“…The harvest is plentiful, but the labourers are few; therefore ask the Lord of the harvest to send out labourers into his harvest…” Luke 10:2.
The five goals for the Decade of Mission are to overhaul the Church; build mission engagement; build mission partnerships; grow the Church; and share mission stories.
Reverend Kereopa introduced the Missional Vision and Strategy for the Decade of Mission 2016-2015, addressing the conference by stating that Te Pihopatanga are blessed to be a blessing in Christ, having been adopted into the family of Christ through choosing to be reconciled to God through the reconciliation of Jesus Christ.
He urged the conference to allow the mustard seed to blossom so as to be a light to others. “Starting with our own whānau (family),” he said, “we pass on the blessing we choose to receive.”
Minita a Whānau
The Minita a Whānau programme (Ministry amongst Whānau) from the Missional Vision and Strategy was presented. This programme aims to increase the biblical understanding and worship participation of whānau (families).
To achieve this it is proposed that whānau will have made available to them diglot (bi-lingual) bibles; a diglot version of the Daily Services from the NZ Prayer Book and resources that assist in building understanding of the five part ACC Mission statement – proclamation, discipleship, care, justice and Papatuanuku (caring for God’s creation) as part of whānau development.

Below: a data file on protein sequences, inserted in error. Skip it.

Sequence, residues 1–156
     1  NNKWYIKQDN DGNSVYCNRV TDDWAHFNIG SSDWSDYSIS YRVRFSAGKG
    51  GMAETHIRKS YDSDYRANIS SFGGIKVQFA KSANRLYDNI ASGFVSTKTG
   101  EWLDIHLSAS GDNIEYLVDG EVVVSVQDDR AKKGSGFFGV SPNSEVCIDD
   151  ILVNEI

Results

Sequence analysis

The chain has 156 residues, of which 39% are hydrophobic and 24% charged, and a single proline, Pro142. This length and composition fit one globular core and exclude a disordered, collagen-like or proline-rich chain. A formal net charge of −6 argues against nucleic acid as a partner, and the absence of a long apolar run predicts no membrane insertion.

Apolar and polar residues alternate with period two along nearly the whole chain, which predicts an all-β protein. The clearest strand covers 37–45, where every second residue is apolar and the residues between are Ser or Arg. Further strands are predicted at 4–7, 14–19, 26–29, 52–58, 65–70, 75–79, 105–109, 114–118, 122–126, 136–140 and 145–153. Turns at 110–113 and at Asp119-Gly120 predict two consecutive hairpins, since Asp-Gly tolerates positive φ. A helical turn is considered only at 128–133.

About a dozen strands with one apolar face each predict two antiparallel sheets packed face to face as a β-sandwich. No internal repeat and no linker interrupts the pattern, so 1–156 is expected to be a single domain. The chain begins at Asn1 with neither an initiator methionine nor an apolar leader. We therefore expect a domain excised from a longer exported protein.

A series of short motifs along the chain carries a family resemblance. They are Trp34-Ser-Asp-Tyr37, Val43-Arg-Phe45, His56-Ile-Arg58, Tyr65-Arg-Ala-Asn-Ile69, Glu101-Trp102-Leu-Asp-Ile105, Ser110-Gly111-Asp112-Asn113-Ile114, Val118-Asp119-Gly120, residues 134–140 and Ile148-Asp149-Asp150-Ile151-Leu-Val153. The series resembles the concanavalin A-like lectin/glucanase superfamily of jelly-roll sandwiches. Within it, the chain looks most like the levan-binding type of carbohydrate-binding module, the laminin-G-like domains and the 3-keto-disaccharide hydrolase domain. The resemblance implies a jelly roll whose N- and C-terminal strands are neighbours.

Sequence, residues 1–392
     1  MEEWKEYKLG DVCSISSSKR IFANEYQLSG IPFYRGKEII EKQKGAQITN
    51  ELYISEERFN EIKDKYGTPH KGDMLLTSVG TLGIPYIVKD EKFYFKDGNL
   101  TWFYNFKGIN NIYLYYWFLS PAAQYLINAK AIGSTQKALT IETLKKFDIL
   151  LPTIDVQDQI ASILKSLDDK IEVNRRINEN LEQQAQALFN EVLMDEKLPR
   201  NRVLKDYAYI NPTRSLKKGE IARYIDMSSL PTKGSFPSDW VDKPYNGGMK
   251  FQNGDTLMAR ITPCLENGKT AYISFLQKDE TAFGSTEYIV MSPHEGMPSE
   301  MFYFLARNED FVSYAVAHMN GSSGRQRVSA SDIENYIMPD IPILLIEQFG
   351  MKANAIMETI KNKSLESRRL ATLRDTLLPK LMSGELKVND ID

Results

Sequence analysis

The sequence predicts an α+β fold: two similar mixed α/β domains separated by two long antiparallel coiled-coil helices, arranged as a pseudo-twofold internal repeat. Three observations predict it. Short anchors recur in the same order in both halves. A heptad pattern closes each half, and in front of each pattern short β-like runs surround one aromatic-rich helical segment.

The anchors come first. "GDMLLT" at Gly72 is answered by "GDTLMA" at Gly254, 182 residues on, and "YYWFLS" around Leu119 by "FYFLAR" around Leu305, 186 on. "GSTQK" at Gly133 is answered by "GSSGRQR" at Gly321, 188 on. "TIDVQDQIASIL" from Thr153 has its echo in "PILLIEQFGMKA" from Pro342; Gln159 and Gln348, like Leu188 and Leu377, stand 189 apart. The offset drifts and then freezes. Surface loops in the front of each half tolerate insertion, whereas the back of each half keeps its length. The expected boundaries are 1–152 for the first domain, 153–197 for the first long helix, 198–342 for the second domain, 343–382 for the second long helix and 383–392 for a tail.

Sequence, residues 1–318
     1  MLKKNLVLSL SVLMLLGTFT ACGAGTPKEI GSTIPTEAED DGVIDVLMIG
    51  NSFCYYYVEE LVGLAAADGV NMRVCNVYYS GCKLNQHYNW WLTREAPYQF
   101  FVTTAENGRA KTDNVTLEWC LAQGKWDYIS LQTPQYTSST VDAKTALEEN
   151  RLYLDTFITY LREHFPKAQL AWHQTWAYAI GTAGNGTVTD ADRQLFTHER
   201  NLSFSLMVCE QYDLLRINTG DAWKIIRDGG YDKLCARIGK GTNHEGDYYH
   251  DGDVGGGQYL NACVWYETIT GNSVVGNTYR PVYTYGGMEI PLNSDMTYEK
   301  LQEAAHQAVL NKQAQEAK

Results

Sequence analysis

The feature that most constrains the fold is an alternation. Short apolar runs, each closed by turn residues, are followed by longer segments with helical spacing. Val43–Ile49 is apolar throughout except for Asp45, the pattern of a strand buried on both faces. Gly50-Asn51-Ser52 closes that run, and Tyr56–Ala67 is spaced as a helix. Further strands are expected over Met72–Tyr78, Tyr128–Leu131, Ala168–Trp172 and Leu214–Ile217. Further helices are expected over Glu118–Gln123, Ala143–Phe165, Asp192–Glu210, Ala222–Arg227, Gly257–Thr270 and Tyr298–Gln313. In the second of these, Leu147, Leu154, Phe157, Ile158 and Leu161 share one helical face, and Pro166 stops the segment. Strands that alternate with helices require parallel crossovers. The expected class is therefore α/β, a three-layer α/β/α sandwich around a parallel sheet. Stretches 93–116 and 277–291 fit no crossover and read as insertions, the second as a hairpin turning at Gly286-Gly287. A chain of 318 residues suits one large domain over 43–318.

Missional priority to commission to Minita a Whānau for every whānau offers the provision of resources to do this. Reverend John Payne noted that “whānau needing prayer, Bible reading and all the blessing of mission should be initiated at whānau level.”
“…where two or three are gathered in my name, I am there among them.” Matthew 18:20.
Discussion concurred that all are invited to be part of God’s whānau. Growing His whānau is growing discipleship and comes from within one's families, church families, neighbours, and wider communities.
Comments included “discipleship is about conversion, and bringing the word of God in to our whānau and neighbourhoods so that we become a bigger whānau in Christ.” Discipleship and following Christs’ word was highlighted with scripture, “The harvest is plentiful, but the labourers are few; therefore ask the Lord of the harvest to send out labourers into his harvest.” Luke 10:2.
Dr Rosemary Dewerse urged the conference to celebrate the Gospel through collating and sharing stories from their own indigenous Saints allowing learning from and building upon those stories through to present time and into the future. She said that “Minita a whānau is also about Māori sharing and celebrating their own indigenous Good News stories.”